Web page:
According to embodiments of the invention, the distance between Query Feature Vector (QFV) and Item Feature Vector (IFV) may equal to the scalar multiplication of both vectors: QFV·IFV. A system according to embodiments of the invention may rank at least some of the items in the database according to their distance between their correspondent IFV and QFV, for example, in descending order. Equation (7) shows the calculation of the distance between QFV and IFV which is the scalar multiplication of the two vectors:

dist ( Q F V , I F V ) = Q F V · I F V = i = 1 N Q F V ( i ) · I F V ( i ) ( 7 )

In some implementations of the present invention, a ranking function may be used for the above calculations, which may be defined as having Usage: (IFVk, IFV1 . . . IFVt)=RankItems({IFV1,IFV2 . . . IFVN}, QFV); Input: list of IFV's, and the QFV; and Output: list of all the IFVs sorted by distance from the QFV.

Since a system according to embodiments of the invention may be required to deal with large number of items in real-time in certain applications, there may not be enough time to rank all the items for any given query. To overcome this problem, the system may define a subspace within the database that may keep the number of ranked items less than the number of items in the database while substantially not impairing the recall values. Database logic may be used to define the subspace for each query in the following way. First, the system may sort the QFV according to its weights. The features with the highest weights will be treated first and then all the other features. In each iteration, the “current feature” may be determined according to the order of the features in the sorted list. Next, in each iteration, the system may trim down the relevant subspace by requiring that the “current feature” appear in the retrieved items. The system may add more and more features to the requirement until the number of retrieved items decreases below a certain threshold. Then, the system may retrieve the items by applying different treatment to items with different weight ranking. For example, when the weight of a feature is in the upper region of the weight scale, for example having the value 4 or 5, in a 1-5 weight ranks system, the system may require the “current feature” to appear in the feature list of the item, (as in focus mechanism when the signal becomes very narrow). Thus, features that do not appear in any one of the feature lists will not be able to be addressed by this retrieval technique and their weights would be kept low, for example, below 4.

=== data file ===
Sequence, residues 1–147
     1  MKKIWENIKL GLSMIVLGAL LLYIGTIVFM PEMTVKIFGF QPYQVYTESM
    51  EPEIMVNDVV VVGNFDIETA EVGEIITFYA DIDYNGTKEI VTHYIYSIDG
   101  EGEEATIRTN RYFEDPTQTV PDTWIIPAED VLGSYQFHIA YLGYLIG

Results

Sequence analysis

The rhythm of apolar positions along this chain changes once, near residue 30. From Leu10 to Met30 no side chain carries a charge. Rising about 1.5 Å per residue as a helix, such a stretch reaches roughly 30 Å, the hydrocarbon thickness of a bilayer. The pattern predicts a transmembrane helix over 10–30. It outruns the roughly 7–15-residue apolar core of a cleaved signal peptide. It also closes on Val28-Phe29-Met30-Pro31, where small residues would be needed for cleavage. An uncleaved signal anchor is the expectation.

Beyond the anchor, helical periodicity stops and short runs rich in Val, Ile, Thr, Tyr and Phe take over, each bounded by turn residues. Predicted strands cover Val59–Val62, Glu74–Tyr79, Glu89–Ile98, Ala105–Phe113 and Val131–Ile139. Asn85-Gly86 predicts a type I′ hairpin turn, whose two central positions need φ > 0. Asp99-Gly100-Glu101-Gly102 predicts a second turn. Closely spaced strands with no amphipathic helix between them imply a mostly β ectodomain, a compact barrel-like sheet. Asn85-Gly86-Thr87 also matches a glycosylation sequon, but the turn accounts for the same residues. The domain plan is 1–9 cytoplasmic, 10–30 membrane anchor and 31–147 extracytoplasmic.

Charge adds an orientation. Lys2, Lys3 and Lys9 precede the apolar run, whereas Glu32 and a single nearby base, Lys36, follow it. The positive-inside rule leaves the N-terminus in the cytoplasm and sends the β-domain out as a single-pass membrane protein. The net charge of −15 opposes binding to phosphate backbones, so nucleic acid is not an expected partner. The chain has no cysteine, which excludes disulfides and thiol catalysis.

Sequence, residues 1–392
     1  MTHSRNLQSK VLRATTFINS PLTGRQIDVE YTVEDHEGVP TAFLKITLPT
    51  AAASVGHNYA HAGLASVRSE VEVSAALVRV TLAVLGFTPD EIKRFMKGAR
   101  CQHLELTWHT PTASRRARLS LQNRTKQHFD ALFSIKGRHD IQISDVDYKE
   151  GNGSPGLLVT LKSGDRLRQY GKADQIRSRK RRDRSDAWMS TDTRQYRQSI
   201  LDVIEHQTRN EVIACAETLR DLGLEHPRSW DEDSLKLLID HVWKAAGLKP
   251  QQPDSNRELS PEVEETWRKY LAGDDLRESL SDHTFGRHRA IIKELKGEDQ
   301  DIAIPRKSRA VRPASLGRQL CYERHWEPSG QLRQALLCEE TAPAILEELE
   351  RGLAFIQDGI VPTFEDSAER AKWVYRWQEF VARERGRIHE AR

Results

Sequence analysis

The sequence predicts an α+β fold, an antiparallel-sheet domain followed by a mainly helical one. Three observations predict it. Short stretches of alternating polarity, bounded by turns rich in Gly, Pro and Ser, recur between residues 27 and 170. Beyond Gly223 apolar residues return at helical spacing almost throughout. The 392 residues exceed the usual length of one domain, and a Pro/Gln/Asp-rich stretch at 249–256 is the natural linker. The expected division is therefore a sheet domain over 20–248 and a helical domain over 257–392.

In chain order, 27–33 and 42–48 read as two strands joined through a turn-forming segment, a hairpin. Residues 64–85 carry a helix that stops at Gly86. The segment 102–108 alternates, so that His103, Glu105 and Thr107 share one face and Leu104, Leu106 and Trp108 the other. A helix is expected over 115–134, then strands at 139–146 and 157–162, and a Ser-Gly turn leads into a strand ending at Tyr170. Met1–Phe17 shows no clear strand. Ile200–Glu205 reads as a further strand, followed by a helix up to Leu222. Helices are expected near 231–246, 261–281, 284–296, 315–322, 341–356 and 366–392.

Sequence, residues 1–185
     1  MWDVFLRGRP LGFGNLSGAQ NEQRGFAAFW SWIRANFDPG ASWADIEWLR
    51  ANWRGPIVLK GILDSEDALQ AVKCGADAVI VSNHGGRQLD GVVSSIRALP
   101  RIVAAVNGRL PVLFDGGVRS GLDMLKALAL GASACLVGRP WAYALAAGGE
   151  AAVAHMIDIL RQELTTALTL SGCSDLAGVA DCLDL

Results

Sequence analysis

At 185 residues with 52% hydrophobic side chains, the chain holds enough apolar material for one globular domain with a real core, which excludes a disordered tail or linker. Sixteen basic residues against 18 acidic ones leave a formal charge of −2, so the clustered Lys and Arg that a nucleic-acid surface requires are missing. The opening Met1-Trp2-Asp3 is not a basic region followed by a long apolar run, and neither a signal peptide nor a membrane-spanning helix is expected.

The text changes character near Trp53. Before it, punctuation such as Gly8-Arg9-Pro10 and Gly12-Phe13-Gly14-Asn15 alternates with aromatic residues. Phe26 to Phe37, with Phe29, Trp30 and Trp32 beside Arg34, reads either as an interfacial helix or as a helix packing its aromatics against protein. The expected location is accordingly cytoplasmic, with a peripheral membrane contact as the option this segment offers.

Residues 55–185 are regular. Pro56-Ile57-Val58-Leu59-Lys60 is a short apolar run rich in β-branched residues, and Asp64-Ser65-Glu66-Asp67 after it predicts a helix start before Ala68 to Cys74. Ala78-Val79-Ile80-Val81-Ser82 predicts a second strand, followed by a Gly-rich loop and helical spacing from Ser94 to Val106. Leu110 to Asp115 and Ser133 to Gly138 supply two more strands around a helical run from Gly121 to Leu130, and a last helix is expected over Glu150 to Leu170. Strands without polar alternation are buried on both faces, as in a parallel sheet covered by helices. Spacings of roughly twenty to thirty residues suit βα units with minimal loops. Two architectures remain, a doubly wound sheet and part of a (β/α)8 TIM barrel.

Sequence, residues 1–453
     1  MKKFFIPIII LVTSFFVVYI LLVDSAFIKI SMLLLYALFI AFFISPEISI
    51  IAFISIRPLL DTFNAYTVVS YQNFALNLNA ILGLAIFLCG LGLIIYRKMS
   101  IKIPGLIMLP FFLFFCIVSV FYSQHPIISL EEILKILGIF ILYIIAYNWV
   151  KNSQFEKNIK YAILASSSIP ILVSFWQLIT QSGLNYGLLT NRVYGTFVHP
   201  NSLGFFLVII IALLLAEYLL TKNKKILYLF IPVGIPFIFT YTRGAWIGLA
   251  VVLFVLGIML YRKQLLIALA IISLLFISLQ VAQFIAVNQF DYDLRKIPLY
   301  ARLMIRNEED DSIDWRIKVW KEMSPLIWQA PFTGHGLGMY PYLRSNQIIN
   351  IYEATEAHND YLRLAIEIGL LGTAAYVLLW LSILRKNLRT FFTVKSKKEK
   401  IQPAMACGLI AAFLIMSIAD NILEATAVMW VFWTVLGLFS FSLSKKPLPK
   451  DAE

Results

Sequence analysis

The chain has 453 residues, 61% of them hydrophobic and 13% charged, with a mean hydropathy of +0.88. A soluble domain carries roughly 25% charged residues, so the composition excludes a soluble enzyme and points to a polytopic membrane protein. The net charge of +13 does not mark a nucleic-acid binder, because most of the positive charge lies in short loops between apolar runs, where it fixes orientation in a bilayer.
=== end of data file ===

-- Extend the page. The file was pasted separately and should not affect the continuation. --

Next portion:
In some implementations of the present invention, data structures may be used by an algorithm embodying a method according to the invention for the above steps, having Usage: {IFVk . . . IFVm}=ReduceSubspace(QFV); Input: QFV; and Output: list of all the IFVs that are located in the subspace.

There are many resources available, which may be used to enrich a semantic network with new nodes and new relations. For example, a table of associations may be a good source. An external network for example in the form of a table which may contain three columns may be imported. An imported table may contain the columns: source word, target words, and the respective weights. It is possible that the scale of an imported source may be different from the distribution of weights of the generated semantic network, the weights of, for example, the imported source, may be rescaled to match the distribution of weights of a local semantic network. The rescaling may be performed using, for example, standard techniques, so that both distributions may be as similar as possible to fit the new semantic network.

A system according to embodiments of the invention may be designed to work even when the input data is partial and/or not complete. Partial or incomplete data may enable the system to provide fair performance even when the feature description is not complete and when many data structures may not be available. A method according to the invention for achieving this ability may be embodied in an algorithm that may require the following input data structures.